Jose Figuero and his son Jose Ivan get some rest during a recent break at Montreal's Concordia University.

Jose Figuero and his son Jose Ivan get some rest during a recent break at Montreal's Concordia University.

Langley father finds lawyer to fight deportation

José Figueroa returns from two-month tour

His two-month cross-Canada trip to raise public awareness about his deportation battle may have cost Langley resident José Figueroa his job, but it was worth it, he said, because it also helped him find a lawyer willing to take his case.

Figueroa and his son José Ivan returned home May 19, ending a trip that began March 18 when father and son journeyed to Ottawa to raise awareness about his case.

Father and son rode the bus and sometimes hitch-hiked, making stops along the way to speak to supporters in Regina, Hull, Montreal London and Ottawa, where they were granted a meeting with the El Salvadoran embassy.

Figueroa said after he told his employer how much time he was planning to devote to the trip, his boss told him he couldn’t keep him on the payroll.

During the trip, Figueroa met with a high-profile lawyer in Toronto who has agreed to mount a Charter of Rights challenge of the Immigration and Refugee Protection Act on his behalf.

Figueroa won’t say who the lawyer is right now.

He said the plan is to file for a court order blocking the deportation and also mount a class-action constitutional challenge on behalf of Figueroa and other immigrants who complain the law is too broadly worded.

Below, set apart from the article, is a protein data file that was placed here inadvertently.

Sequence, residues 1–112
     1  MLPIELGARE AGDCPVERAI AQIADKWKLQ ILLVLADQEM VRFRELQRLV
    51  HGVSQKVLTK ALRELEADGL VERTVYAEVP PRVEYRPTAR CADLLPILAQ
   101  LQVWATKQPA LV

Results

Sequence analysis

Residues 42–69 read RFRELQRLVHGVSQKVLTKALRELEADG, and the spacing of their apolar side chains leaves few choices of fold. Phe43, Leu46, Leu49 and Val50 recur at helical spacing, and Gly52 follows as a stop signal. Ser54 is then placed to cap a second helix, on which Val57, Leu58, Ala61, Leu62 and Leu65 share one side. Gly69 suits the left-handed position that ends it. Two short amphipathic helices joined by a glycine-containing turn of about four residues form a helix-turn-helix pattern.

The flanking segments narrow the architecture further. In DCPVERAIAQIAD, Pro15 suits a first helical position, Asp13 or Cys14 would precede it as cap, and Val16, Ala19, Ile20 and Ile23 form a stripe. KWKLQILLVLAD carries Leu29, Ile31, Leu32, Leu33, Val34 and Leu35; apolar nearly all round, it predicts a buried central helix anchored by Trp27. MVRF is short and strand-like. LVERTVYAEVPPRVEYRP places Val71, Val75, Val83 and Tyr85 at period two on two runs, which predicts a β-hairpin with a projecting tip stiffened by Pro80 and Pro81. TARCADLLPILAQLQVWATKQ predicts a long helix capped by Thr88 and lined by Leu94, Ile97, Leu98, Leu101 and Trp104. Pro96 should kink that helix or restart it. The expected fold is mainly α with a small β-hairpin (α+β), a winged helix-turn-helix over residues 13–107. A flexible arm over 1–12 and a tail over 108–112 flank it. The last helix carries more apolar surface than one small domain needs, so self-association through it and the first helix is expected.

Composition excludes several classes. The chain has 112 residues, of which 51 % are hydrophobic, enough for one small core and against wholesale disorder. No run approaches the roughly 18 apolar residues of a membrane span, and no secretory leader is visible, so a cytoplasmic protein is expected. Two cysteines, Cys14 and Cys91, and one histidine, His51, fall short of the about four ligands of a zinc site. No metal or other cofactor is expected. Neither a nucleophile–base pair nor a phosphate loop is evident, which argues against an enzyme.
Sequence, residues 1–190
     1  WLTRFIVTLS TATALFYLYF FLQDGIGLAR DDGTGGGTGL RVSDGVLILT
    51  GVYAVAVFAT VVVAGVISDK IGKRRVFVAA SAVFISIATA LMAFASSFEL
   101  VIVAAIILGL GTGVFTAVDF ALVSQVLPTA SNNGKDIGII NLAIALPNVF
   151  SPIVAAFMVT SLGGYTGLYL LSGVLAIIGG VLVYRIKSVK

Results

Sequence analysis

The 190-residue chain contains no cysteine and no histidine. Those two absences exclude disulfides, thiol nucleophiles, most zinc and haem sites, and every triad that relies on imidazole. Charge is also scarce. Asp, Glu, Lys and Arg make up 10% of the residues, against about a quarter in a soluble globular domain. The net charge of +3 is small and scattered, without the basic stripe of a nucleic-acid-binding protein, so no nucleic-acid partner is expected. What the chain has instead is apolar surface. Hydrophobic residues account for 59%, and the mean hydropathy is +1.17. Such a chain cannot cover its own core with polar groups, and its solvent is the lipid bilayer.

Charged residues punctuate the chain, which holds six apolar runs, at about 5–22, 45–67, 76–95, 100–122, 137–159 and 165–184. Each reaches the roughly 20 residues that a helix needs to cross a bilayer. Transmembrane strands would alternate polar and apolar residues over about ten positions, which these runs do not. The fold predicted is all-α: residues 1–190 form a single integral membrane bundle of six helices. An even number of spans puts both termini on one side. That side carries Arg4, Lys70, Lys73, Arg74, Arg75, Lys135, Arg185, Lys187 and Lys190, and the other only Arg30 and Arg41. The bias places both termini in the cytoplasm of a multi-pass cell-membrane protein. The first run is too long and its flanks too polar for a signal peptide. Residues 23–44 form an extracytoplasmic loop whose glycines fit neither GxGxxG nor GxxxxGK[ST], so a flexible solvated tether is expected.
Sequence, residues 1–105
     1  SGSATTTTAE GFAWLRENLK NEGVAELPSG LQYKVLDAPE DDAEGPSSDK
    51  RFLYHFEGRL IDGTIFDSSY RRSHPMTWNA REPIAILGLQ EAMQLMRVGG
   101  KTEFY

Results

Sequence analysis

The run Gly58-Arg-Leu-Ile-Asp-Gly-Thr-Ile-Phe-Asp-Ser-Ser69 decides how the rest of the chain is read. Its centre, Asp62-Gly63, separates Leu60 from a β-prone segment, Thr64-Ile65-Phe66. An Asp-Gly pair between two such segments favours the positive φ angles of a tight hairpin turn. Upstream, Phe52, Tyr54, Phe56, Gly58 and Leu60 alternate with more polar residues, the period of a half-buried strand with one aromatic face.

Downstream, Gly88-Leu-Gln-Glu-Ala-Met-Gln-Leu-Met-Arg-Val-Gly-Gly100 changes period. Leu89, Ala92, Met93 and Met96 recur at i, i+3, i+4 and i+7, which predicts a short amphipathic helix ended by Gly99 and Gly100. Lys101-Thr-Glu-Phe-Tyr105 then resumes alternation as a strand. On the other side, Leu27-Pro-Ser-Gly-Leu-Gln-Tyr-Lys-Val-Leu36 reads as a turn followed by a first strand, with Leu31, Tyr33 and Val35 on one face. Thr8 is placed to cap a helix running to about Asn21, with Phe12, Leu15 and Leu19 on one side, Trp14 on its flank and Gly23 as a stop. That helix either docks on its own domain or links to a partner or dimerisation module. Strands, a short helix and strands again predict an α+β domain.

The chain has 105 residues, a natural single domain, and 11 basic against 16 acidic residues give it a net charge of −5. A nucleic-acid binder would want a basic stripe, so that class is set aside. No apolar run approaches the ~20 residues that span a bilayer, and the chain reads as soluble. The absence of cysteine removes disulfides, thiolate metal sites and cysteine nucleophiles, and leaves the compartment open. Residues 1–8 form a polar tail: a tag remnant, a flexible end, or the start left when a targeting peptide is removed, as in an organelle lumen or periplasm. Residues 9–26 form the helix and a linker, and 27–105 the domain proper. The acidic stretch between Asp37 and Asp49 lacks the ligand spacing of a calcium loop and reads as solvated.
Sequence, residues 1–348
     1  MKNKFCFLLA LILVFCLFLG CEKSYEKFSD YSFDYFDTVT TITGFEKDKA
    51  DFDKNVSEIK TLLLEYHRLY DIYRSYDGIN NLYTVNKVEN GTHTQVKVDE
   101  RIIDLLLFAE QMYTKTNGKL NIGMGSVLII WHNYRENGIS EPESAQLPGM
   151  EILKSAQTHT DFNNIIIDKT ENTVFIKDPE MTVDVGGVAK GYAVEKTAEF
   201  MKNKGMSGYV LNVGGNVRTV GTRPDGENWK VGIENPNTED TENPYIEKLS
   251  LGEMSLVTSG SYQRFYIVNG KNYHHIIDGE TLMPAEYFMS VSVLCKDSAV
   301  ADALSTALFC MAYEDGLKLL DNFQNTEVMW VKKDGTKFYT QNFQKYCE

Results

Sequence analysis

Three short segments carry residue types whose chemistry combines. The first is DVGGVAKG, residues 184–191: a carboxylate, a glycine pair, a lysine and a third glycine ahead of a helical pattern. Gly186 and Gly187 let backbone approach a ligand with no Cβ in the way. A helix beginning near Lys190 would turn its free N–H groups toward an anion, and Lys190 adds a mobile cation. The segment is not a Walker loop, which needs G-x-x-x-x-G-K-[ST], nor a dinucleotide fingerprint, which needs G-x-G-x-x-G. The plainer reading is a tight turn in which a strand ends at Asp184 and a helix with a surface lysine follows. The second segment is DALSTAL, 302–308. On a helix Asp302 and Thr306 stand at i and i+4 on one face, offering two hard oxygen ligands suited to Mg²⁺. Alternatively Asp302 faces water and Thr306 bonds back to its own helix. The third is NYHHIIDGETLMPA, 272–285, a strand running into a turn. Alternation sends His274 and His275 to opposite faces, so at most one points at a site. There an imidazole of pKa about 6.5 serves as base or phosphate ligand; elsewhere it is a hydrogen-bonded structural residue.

“That’s the way I have always seen it [as a class action case]” Figueroa said.

“It affects not only my family, but, as we speak, many other families.”

The Langley father of three Canadian-born children is fighting to remain in Canada after he was ordered deported back to his native El Salvador for belonging to the left-wing Farabundo Martí National Liberation Front (FMLN), which was linked to violent acts during the civil war in El Salvador between 1980 and 1992.

The fact that Figueroa was a student who associated with a nonviolent wing of the FMLN didn’t matter under the immigration act’s toughly worded antiterrorism guidelines.

The law says a person is inadmissible to Canada if they are found guilty of “…being a member of an organization that there are reasonable grounds to believe engages, has engaged or will engage [in] the subversion by force of any government …”

The FMLN has since become the government of El Salvador after winning a democratic election.

Figueroa was told it will be seven to nine years before there is a ruling on his application to the ministry of public safety for “ministerial relief” that would allow him to remain in Canada.